The House Energy and Power Subcommittee, led by Rep. Ed Whitfield (R-KY), is continuing its review of the Environmental Protection Agency’s (EPA's) Clean Power Plan to determine its legality and resulting expenses for existing power plants.
The committee will rely on the expertise of state regulators and leading legal scholars to evaluate the proposed Section 111(d) rule.
Laurence Tribe, a noted legal scholar and President Barack Obama’s constitutional law professor at Harvard Law School, said that the EPA’s rule is unconstitutional. He said the organization lacks the authority to enforce its proposed plan, calling it a “power grab” that will diminish the authority of the judicial branch, the states and Congress.
“EPA is attempting an unconstitutional trifecta: usurping the prerogatives of the states, Congress and the federal courts – all at once,” Tribe said. “Much is up for grabs in this complex area. But burning the constitution of the United States – about which I care deeply – cannot be part of our national energy policy.”
Whitfield said he doesn't expect the Clean Power Plan to withstand judicial scrutiny.
“Given the tight deadlines under the proposed rule, states will be facing a decision about whether to submit their plans and initiate costly steps toward compliance before judicial review is complete," Whitfield said. "This would be unfortunate, because whether or not the Clean Power Plan is bad law, it certainly is bad policy.”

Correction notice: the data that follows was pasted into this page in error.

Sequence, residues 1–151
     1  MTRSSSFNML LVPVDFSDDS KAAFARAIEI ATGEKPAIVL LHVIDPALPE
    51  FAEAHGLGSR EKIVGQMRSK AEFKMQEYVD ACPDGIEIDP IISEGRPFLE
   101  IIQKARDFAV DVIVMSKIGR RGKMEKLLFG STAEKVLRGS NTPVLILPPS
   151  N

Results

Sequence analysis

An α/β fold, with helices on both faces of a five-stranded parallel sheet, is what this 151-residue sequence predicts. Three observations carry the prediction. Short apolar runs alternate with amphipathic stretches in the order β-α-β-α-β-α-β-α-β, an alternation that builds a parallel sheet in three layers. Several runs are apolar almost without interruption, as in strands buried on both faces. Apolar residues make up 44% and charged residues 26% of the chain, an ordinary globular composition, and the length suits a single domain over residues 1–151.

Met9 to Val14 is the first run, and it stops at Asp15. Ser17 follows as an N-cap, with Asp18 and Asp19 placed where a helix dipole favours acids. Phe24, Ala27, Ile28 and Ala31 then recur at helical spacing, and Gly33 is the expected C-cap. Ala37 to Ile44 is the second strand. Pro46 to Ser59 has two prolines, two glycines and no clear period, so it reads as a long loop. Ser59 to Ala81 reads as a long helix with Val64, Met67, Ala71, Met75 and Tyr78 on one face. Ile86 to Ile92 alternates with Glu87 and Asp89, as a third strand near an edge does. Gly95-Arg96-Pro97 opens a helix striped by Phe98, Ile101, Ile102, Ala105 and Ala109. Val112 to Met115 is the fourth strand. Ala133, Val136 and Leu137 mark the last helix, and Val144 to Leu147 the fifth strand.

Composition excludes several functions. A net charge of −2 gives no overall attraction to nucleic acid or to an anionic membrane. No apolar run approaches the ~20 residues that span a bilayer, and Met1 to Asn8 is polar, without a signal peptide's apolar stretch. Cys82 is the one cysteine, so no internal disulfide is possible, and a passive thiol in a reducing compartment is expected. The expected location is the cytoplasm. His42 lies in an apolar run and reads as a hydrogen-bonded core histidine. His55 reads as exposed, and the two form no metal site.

Allison Wood, legal expert and partner at Hunton & Williams LLP, said the EPA’s proposed rule suffers from many legal infirmities and violates the Clean Air Act.”
“The rule essentially requires a complete overhaul of each state’s energy portfolio," Wood said. "In addition, many states are going to have to enact laws and regulations to enable them to do the things contemplated by the proposed rule. All of this will be completed before litigation over the rule is complete. If the rule is ultimately held to be unlawful, the states will have already expended enormous amounts of resources to develop the plan, and any laws or regulations that have been enacted cannot be easily reversed.”
Other experts question the legality of the EPA’s proposal, comparing its changes to how the Affordable Care Act changed health care. Still others fear the impact of the proposal on the economy.
“Under the Clean Power Plan, states would be forced to redesign their electricity generation, transmission, and distribution systems and related laws and policies, and to do so over a short timeframe,” Rep. Fred Upton (R-MI) said. “Longstanding policies would be essentially ‘wiped clean,’ and jobs and family budgets could suffer as a result. Jobs and the economy. That remains our focus. We will continue working to keep the lights on and the electric bills affordable.”